Joe'i Chancellor is an author, songwriter, filmmaker, rapper and promoter, but there's a more significant reason why the woman known as Queen of Highland Park is a Top 40 recipient. The director of “Highland Park Hood Footage,” a songwriter who has worked with Teddy Riley and Blackstreet (among others), Chancellor also is a neighborhood activist who constantly gives back to the North Side community. And she isn't above making a loud noise. “There's a difference with people in the 'hood,” says the straight-talking Joe'i (the “I” is silent). “We need reform of the mind.”
As one of the main instigators behind the now-defunded Stop the Pain804 program, Chancellor (who wrote a 2005 anthem called “Richmond”) helped to serve as a liaison between local at-risk youth and the Richmond police. “These kids come from an environment where they fear the police,” she says, “not trust them.” She's starting a new organization, called the Links, to continue the mission.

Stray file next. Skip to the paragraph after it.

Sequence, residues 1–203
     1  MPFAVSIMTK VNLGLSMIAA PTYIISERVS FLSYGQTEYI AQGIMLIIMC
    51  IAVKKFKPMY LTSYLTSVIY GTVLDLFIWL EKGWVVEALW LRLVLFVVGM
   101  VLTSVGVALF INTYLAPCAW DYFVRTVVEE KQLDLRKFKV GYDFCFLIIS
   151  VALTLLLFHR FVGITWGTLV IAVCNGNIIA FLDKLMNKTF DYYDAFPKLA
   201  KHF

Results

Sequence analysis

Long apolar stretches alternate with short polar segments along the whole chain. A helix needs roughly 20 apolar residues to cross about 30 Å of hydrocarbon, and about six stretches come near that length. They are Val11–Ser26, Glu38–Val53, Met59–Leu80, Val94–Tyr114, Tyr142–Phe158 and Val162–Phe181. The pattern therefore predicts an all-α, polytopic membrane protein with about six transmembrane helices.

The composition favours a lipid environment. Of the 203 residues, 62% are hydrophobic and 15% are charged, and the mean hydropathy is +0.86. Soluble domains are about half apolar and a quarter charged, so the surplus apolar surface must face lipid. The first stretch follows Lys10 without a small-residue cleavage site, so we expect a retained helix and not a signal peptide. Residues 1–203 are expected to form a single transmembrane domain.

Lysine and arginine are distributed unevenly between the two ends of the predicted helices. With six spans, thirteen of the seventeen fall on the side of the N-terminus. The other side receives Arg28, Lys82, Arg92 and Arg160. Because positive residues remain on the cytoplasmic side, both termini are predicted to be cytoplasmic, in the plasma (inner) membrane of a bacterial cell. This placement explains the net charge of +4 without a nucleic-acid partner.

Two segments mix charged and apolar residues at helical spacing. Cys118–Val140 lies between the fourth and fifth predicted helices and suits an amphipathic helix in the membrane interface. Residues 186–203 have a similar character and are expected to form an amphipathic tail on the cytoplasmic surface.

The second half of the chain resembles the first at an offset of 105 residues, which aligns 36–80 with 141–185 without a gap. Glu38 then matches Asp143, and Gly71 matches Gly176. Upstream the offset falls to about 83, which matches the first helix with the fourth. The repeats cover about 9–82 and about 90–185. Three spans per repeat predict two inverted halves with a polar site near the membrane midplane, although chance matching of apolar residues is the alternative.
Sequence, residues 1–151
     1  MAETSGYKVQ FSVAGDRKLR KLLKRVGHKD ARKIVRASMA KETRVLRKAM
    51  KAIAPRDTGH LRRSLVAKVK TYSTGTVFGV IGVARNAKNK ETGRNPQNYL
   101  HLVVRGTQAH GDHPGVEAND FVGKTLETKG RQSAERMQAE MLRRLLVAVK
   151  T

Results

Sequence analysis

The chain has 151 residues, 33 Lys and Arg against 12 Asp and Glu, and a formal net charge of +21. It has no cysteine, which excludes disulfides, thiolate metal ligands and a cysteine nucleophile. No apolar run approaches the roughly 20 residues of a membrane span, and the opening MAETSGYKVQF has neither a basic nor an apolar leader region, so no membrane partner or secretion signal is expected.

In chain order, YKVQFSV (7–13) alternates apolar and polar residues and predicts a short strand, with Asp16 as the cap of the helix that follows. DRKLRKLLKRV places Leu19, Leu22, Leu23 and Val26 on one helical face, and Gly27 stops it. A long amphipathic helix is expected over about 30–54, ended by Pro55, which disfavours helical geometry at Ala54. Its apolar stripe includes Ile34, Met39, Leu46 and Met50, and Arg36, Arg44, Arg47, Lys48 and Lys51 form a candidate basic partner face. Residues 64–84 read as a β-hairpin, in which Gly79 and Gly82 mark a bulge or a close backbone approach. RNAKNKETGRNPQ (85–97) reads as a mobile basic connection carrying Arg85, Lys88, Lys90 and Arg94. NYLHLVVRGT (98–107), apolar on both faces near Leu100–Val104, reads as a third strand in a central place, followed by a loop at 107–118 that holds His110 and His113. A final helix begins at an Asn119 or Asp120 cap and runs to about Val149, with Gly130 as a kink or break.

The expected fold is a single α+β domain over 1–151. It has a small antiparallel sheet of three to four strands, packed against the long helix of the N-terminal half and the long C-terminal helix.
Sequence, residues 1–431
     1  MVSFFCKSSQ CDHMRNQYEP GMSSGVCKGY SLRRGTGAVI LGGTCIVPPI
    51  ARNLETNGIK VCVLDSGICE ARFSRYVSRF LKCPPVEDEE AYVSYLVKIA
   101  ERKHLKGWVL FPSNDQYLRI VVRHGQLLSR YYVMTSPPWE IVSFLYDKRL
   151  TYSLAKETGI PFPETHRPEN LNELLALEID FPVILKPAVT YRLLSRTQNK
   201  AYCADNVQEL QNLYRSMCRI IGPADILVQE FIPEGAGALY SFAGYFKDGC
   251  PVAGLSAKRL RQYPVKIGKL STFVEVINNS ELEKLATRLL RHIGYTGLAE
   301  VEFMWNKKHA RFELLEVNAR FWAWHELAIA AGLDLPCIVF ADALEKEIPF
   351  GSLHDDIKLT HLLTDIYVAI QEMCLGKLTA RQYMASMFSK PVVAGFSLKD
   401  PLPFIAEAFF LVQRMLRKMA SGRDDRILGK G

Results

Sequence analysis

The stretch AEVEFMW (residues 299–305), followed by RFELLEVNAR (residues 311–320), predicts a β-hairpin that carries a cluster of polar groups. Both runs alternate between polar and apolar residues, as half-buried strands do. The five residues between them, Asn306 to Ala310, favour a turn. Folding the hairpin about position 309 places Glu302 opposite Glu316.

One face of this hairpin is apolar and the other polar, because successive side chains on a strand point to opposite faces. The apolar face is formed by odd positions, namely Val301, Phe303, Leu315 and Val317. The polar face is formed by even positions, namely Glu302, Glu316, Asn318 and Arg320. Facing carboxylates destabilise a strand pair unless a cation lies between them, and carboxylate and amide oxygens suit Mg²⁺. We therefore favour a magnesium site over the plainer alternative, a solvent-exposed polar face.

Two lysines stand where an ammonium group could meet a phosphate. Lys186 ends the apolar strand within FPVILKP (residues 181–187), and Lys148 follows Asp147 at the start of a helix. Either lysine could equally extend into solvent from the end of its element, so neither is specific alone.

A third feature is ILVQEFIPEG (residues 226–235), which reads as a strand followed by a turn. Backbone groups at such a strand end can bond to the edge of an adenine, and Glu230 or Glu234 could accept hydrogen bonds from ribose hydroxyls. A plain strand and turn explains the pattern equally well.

Of late, her energy has been directed toward helping the homeless. She worked with Manter Fly Youth Development to take care of those without shelter and give them warm clothing during the last winter storm. And at holiday time she found a place to buy turkeys cheap and gave the area's indigents a real holiday meal in Monroe Park. “It took on a life of its own,” Chancellor says of the Have a Heart 4 the Homeless drive. “I felt more blessed than the homeless people.”